In this ukulele video lesson, I'll be teaching you how to play, Daydream, which was recorded by The Lovin’ Spoonful in 1966. It falls under the genre of Folk Rock. The song is fairly simple where the basic groove is concerned, but the original recording features features a lot of instruments fading in and out which occasionally obscure the rhythm. The challenge for the player in this song is keeping the simple underpinning that gives the song a lazy, light feel.
This song made it to #2 on the Billboard Hot 100 in 1966. The song has some connections to other popular pieces of music of the time that are worth nothing.
According to Song Facts, when John Sebastian was writing this song, he was actually trying to rewrite the song “Baby Love” by the Supremes. The song, of course, doesn’t really demonstrate that in its final recorded version.
The song is also credited by the same source with starting the New Vaudeville trend in music that exploded in the late 1960s. It was a significant influence on the Beatles, who also incorporated many Vaudeville stylings in their music. The song’s simple strum, very light lyrical content and its groove give it the happy, innocent appeal of Vaudevillian music. Conversely, the fades that punctuate parts of the song give it an eerie feel that is more characteristic of the 60’s and psychedelic music.
This song has also been repurposed for some rather unusual uses. If you want to see some real dissonance between visual and audio media, check out this Jeep Cherokee commercial that features the song.
The song clocks in at 2:18; a short duration for even a radio-friendly pop song. This makes it easy enough to learn and, because it’s not complex, it’s entirely suitable for beginner and intermediate players. It offers enough potential to be developed by more advanced players, however, and has been covered by a variety of different artists, including Doris Day, Chet Atkins and Bobby Darin.
Daydream is not particularly complex, at least at first blush. There is some relatively sophisticated interplay between the rhythm of the song and the singing, however, that is important to include in any rendition.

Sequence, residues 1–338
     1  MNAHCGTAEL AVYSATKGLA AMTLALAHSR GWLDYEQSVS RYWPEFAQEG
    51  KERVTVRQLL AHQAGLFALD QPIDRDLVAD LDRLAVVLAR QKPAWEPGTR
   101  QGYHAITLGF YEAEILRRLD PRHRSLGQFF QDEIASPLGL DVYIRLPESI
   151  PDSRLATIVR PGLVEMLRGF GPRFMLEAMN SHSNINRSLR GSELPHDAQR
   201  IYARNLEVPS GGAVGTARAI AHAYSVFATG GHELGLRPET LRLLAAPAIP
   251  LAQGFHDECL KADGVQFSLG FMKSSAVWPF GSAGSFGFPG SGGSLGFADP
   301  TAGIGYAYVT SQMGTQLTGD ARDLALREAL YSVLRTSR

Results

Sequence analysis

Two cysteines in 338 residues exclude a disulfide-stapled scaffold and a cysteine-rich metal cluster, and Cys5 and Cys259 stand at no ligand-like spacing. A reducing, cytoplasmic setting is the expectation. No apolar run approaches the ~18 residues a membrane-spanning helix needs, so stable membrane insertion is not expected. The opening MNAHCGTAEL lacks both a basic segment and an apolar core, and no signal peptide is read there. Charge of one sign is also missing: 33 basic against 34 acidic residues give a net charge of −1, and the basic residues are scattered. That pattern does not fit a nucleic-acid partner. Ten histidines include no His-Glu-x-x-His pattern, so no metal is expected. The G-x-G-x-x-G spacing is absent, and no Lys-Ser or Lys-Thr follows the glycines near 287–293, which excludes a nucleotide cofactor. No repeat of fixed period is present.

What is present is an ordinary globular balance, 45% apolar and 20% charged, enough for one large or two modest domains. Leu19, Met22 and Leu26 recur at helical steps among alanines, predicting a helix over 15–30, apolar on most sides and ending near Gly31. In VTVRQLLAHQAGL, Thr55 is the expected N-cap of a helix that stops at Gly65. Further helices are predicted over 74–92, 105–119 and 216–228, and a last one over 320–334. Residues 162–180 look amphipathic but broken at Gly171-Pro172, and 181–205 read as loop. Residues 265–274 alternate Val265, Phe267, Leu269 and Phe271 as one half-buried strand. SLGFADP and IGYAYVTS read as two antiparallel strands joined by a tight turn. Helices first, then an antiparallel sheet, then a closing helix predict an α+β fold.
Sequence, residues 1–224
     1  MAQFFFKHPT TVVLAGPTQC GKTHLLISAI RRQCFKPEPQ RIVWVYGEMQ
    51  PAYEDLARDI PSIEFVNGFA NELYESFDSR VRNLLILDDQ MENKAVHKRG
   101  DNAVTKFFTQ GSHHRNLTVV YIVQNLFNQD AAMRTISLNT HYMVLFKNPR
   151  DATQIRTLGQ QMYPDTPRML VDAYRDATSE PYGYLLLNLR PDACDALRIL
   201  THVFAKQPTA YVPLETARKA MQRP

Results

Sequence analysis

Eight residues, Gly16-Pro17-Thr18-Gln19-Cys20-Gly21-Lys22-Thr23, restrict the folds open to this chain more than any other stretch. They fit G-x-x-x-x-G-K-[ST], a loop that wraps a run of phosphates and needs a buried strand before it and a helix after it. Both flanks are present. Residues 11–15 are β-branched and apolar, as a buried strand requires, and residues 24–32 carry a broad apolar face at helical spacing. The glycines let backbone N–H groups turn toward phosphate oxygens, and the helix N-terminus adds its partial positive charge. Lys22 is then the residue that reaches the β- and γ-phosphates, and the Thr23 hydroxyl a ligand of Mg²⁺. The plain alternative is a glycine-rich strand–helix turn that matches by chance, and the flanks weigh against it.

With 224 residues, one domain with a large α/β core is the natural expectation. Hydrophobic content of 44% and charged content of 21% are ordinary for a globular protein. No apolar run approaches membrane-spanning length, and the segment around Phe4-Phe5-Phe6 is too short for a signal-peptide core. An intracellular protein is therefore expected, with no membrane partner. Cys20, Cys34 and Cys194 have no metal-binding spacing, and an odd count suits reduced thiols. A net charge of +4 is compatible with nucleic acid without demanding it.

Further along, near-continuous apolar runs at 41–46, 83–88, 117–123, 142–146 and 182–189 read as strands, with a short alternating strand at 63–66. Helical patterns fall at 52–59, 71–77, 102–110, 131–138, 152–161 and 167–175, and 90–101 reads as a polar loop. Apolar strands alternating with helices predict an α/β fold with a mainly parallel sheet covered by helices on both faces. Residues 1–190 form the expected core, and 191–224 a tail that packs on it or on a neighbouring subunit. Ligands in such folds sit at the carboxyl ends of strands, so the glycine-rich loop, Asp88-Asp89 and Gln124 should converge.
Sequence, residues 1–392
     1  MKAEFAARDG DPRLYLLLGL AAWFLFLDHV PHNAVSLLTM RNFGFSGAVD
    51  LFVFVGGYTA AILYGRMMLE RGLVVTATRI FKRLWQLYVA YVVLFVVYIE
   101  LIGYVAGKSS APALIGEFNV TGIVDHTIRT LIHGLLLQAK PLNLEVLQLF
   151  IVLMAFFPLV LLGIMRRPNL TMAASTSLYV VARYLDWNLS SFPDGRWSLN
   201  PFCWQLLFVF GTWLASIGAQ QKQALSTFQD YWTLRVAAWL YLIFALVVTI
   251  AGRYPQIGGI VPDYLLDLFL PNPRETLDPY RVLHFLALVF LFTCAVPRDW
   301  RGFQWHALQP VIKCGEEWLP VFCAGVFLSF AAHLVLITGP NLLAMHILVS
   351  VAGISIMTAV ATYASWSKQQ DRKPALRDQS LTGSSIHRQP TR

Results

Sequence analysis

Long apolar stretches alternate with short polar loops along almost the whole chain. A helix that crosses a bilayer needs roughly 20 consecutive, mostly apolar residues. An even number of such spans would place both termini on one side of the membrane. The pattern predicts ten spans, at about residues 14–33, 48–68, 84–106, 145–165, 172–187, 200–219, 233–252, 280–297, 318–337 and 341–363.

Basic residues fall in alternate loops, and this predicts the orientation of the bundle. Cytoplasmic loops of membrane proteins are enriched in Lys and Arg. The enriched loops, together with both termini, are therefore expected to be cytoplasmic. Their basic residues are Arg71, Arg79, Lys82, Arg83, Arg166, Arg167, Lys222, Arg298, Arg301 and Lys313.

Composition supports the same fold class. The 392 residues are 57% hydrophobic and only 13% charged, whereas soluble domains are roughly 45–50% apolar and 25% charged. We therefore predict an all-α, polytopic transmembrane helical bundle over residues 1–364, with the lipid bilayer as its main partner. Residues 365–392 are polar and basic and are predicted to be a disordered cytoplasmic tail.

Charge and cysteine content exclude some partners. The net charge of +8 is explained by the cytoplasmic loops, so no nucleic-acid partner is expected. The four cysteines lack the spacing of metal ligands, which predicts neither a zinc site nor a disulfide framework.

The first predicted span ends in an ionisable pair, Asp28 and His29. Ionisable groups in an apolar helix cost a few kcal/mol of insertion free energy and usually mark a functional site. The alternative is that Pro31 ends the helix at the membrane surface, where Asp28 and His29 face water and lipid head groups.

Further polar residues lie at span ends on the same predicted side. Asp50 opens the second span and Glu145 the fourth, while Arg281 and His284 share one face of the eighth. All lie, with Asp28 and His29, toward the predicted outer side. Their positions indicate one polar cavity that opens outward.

The song is in 4/4 time and is somewhat syncopated in parts. The ukulele will be responsible for keeping the time in this song and, in fact, if you give the recorded version a listen, the appropriate role for the ukulele in this song is rather apparent. The straightforward, rhythmic strumming is ideally suited for the ukulele’s strengths as an instrument.
The chord progression on the verses uses chords rooted in C, A, Dm and G, a very common set of chords. The transition to the refrain begins with a switch from G7 to F, giving the song the sense that it is moving into new territory and keeping the listener engaged, while not surprising them too much. This is a big part of the folk appeal of the song.
The strumming on this song should feel vibrant, light and casual. There’s no need to hit the groove particularly hard, though a performer could if they wanted to add more drive to the song. For an example of this, watch this Chet Atkins performance where he uses the lower range of his guitar to give the song a more spirited, energetic feel than the original.
This song is simple enough to allow for a lot of improvisation, but a beginning player will also learn much by hanging back, keeping the time and enjoying the timeless appeal of this 1960s classic. It’s also an easy piece to play and sing at the same time.Return to Home Page
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